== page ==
Step 3: Review your meal plan

When you planned your meals did you:

  • Include fish or seafood on the menu this week?
  • Limit beef to once a week or less?
  • Plan a vegetarian meal?
  • Include a healthy serving of vegetables and/or fruit at each meal?
  • Plan to use food you have at home that needs to be eaten?
  • Check your calendar to see if the time involved in meal preparation fits with the family calendar?

Step 4: Go shopping

If you plan your meals in the morning you can shop in the afternoon. Always take a list! Your meal plan will determine what foods are on your grocery list.

Before leaving home, check if you have any of the ingredients on your list already. Golden rule of healthy eating — never shop without a grocery list!

Advantages of a grocery list:

  • Reduce impulse purchases (healthier and less expensive)
  • Cuts down on food waste
  • Saves time. You get what you need and get out
  • Allows you to take advantages of sales and coupons
  • Reduces stress. No more feeling anxious while you’re trying to figure out what to buy at the store

Organizing your list like your grocery store layout makes your trip more streamlined. Organize items by category — produce, dairy, meat, etc.

Step 5: Advanced prep

Take advantage of less crazy days to get some prepping done. Get ahead of the game. Look at your meal plan for the week.

On a less hectic day, can someone else:

  • Peel and chop vegetables or fruit?
  • Wash and dry salad greens?
  • Cook rice, barley or quinoa in advance?
  • Brown ground meat or turkey?
  • Rinse canned beans?
  • Bake chicken breasts?

This is a great way for others to help out in the kitchen!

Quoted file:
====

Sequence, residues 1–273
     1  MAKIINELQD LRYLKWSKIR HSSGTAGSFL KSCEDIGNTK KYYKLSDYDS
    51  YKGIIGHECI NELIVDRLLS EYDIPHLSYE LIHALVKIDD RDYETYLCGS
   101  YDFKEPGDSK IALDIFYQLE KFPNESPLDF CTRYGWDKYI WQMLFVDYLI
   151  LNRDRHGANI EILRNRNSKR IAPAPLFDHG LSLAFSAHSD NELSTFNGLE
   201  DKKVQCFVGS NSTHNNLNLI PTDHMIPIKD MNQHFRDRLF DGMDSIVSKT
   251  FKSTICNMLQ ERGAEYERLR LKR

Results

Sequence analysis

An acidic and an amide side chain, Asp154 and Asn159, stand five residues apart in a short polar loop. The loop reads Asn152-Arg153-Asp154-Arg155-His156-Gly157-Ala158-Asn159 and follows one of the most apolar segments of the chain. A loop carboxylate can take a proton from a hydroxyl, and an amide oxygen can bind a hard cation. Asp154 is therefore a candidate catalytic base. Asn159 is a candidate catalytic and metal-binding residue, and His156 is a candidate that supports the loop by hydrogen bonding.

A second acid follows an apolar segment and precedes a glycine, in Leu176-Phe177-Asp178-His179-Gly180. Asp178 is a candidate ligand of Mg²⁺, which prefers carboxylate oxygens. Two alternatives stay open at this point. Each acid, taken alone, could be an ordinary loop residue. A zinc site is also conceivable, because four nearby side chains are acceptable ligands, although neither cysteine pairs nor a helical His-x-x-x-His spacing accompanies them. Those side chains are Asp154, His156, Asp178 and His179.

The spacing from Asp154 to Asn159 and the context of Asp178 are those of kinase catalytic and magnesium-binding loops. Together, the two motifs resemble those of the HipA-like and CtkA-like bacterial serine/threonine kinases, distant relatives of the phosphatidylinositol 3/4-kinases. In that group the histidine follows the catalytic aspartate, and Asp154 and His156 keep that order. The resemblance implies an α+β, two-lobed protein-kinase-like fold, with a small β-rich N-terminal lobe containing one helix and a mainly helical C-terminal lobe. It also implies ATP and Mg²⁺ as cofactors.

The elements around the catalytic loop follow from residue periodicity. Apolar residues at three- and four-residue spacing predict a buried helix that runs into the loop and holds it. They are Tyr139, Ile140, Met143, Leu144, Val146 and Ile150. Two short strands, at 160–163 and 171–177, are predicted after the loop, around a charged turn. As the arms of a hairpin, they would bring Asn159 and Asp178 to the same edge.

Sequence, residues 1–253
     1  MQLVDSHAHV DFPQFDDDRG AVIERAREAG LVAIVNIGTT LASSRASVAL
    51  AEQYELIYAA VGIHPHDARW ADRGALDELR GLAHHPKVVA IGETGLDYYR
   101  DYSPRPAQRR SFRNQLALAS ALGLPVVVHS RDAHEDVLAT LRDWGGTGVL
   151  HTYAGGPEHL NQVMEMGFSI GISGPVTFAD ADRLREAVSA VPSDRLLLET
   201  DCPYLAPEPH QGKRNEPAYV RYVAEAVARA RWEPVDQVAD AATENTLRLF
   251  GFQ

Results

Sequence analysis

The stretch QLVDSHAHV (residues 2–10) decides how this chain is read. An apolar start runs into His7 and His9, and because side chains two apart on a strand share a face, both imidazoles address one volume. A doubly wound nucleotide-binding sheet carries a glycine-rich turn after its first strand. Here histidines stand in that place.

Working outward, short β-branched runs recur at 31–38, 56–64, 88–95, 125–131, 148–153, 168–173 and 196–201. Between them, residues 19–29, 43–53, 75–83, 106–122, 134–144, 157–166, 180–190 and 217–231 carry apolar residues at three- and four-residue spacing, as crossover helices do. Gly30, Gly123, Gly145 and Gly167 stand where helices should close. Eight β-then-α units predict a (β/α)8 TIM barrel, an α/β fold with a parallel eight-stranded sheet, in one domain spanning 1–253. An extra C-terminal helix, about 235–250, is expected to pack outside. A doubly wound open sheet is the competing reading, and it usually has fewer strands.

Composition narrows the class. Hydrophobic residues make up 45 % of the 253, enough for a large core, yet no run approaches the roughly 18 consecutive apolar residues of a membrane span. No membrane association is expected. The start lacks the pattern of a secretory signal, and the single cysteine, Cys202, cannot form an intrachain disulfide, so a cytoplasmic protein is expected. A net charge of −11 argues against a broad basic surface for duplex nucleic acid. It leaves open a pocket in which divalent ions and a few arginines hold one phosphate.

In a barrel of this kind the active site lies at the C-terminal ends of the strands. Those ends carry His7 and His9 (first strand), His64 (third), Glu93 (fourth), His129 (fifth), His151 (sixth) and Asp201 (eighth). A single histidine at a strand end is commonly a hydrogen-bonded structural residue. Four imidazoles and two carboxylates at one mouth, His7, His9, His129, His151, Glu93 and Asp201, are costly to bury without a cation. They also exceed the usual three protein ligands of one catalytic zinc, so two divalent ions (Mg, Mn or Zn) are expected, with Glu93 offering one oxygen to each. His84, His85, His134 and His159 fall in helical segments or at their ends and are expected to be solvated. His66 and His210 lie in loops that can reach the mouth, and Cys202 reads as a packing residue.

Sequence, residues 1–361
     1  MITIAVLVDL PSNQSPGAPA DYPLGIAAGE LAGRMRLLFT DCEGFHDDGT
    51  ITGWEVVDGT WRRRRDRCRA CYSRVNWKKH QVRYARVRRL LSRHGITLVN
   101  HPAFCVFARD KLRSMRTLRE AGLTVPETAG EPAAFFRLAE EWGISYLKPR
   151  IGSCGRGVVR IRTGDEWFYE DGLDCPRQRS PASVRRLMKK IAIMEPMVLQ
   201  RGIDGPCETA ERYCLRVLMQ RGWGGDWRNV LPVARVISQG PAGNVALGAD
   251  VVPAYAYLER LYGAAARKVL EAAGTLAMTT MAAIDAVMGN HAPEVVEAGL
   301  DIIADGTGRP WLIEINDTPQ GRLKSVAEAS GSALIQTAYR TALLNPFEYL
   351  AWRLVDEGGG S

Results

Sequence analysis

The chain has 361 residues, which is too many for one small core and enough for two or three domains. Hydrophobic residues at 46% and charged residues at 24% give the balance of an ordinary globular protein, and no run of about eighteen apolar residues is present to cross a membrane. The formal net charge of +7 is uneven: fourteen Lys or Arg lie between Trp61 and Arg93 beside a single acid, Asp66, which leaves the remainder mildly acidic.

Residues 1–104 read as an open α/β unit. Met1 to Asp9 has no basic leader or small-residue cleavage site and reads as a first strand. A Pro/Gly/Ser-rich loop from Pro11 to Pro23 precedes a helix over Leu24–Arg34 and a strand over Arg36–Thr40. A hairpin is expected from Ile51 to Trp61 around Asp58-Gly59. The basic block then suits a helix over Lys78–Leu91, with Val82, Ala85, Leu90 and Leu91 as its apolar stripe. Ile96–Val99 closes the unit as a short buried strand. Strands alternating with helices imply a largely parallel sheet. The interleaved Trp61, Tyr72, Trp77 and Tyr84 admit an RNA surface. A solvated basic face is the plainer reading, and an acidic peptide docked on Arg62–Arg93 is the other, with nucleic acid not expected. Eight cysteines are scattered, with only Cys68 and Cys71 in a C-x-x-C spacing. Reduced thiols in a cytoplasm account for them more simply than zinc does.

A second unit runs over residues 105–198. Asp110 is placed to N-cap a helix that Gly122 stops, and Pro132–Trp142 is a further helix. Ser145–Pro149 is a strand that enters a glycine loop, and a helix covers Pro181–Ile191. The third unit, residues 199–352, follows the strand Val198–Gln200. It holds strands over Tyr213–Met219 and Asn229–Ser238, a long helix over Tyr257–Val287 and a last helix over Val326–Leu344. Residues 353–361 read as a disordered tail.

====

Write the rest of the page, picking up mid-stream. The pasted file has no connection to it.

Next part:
Step 6: Organize for tomorrow

The night before, organize the food you are going to eat the following day.

  • Plan your breakfast and assemble ingredients.
  • Pack your lunch and put it in the front of the refrigerator.
  • Take frozen foods out of the freezer and thaw in the refrigerator.

The final step: Celebrate how awesome it feels to be organized!

Meal planning will quiet the questions about what to do for dinner (or breakfast or lunch, for that matter), save you money and help you eat healthier. Try it, and let us know your tips in the comments!

Get Healthy Driven recipes.

Related blogs:
What’s so bad about the white stuff?
How clean are you eating?
Bringing mindfulness to the dinner table


Leave a Comment

|
Anti inflammatory foods

Help fight inflammation with these foods

Some simple changes to your diet can help reduce inflammation, says Mary Gardner, RD, LDN, an outpatient dietitian at...

Read More

snoring-help

How to help someone who snores

Snoring is a common sleep problem, and it can disrupt your night — whether you’re the one snoring or the one listening...

Read More

sick-at-work-(2)

Office etiquette for cold and flu season

You know that it is cold and flu season when you start to hear sniffling and sneezing around you at work.

Read More